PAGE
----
Millennium goals debate

Published: 27-JUL-04

On Senegal's Goree Island, residents are trying to turn into a reality some of the objectives of the Millennium Development Goals (MDGs). The MDGs, a UN-led initiative adopted by the international community in 2000,consist of eight specific development targets to be achieved globally by the year 2015, writes Wilma Jean Emanuel Randle.

Goree has a population of around 1 500. It was one of the busiest ports during the trans-Atlantic slave trade and is one of Senegal's main tourist attractions. Nevertheless, it is basically a poor island with few services.

Two years ago, when community residents held public discussions to develop their vision for the island, two main goals emerged: to enroll in pre-school all children aged between three and five by 2005, and to ensure that everyone working has steady employment.

Progress has been made. Increased parental involvement and some financial donations, have seen nearly all the island's 200 or so children in the age range enrolled. Efforts are under way to create new businesses and help existing ventures, such as restaurants and artistic services that cater to the tourist trade.

These undertakings reflect the objectives and spirit of the MDGs, though residents may not know it; they are merely trying to make a living and improve conditions for their families.Throughout Senegal, ordinary people are doing the same.

Senegal is one of the countries selected by the UN to participate in a co-ordinated inter-agency pilot project that will help the government to develop further poverty reduction strategies and programmes. These efforts will focus on the south-eastern Tambacounda region, a large, impoverished area with a total population of around 545 000. It is hoped that success here will serve as a model for other areas.

Conditions in Senegal are considered to be favourable for achieving the development goals: a history of stable, democratic rule and a government that has long backed various international developments and human rights conventions. However, experts say that activities relating to reducing poverty should be scaled up first.

The eighth MDG, developing a global partnership for development, is particularly essential, but more money is needed, and substantial investment is pivotal.

How much?

The MDG Steering Committee estimates that more than $4 billion will be needed up to 2015. However, there is much that Senegal itself can do. Ms Vore Gana Seck, executive director of Green Senegal, an environmental non-governmental organisation is hopeful. "We should reach some of the goals, such as in water and education," she said. "But aid levels and other external factors are outside our control." World partnerships with rich countries are vital. Aid alone is not enough.

A major challenge

The majority of Senegal's estimated 10 million people, especially those in rural areas, live at or near poverty levels, and the country has been ranked by the UN as 156th out of 175 nations, in terms of the population's overall well-being.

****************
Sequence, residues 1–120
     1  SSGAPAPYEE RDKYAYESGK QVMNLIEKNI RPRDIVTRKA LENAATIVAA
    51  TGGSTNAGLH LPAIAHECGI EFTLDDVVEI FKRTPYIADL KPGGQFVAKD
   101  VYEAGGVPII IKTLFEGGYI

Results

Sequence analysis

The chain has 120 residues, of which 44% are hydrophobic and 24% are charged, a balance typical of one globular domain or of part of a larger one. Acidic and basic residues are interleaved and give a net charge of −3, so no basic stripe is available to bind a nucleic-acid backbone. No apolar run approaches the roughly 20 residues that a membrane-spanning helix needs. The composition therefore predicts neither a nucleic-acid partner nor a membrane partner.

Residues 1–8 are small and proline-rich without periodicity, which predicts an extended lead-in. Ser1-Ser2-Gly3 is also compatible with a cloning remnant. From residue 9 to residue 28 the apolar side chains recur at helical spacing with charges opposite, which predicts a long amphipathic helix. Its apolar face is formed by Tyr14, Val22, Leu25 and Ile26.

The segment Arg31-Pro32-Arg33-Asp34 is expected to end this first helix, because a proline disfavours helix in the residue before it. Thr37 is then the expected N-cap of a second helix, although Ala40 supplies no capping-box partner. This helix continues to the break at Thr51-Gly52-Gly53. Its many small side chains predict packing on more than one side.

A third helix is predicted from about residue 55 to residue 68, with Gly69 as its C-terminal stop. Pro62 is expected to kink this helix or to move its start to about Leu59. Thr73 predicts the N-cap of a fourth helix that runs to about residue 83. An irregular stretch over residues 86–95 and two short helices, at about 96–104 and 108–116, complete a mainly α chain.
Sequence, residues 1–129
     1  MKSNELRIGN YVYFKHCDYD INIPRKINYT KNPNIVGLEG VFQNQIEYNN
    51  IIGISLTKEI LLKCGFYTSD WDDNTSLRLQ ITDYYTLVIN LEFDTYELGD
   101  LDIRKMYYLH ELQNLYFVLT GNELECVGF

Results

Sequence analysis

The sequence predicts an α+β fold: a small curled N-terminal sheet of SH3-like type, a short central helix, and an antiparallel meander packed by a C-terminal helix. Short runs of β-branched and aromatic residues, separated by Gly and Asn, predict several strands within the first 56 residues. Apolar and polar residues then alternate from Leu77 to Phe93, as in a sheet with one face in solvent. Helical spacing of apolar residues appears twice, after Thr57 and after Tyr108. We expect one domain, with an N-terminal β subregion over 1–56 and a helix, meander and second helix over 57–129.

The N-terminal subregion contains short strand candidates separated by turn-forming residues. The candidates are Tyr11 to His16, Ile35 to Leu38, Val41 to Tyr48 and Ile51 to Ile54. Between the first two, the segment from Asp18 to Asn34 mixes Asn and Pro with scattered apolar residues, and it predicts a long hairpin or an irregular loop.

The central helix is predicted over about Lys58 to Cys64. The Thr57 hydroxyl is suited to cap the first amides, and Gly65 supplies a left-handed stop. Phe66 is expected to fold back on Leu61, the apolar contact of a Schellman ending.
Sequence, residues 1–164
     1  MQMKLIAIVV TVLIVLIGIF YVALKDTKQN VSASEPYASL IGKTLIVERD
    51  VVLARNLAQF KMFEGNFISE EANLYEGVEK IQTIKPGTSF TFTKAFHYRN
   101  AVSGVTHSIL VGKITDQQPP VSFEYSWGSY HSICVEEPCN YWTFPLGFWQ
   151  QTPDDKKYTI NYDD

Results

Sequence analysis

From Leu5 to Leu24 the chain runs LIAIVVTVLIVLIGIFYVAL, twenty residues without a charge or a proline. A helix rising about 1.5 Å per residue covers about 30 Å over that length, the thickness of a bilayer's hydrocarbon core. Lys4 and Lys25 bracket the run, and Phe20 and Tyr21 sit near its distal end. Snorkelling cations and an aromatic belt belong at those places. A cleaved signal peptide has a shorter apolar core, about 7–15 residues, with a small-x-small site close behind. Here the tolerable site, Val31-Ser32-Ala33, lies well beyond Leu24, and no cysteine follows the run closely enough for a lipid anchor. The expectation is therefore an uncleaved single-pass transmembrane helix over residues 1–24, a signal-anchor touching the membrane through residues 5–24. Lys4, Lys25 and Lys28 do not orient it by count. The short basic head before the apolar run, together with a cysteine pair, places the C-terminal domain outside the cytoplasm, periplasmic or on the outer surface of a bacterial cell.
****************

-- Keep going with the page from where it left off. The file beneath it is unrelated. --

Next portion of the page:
With little mineral wealth, about 60 percent of the country's economy is based on agricultural activities and fishing. Annual per capita income is estimated to be $476, but few people earn that much.

According to estimates released in January, the number of people living below the poverty line declined from 67.9 percent in 1994-95 to 57.1 per cent in 2001-02, based on data in household assessment surveys. Nonetheless, poverty is widespread, in the rural areas in particular.

Aggravating the parlous state of the economy, extensive drought triggered a massive exodus of the rural labour force to urban centres, as well as large-scale emigration. Agricultural subsidies were cut, and a decline in the market value of groundnuts, Senegal's main export crop, hit rural people hard.

Services such as water, health, electricity and telecoms are seen as essential to limit migration; environment degradation needs to be halted, and fishermen made aware of the dangers of over-fishing.

In the cities, unemployment is widespread, especially among the young. In the capital, Dakar, increasing beggars on the streets include children, women with children, and the physically disabled. The informal sector is burgeoning; some estimates put it at 70 percent of gross domestic product.

During discussions between NGOs, local government bodies, the private sector and the media, participants stressed the importance of retaining and creating jobs. It was said that every working person in Senegal is supporting 10 to 20 people.

A push and a shove needed

Government needs to be galvanised into action. Being committed to addressing these issues is not enough - a far greater sense of urgency is required by the government to get the necessary assistance from developed countries.

The MDG steering committee has also stressed the need for a review of the government's policy of decentralisation, originally adopted in the 1980s, which was accompanied by a reduction in the national government's provision of basic social services. Consensus was reached on the need to make the MDGs more widely understood throughout the country.

�This is an edited article that first appeared in Africa Recovery (April 2004), published by the United Nations Department of Public Information.

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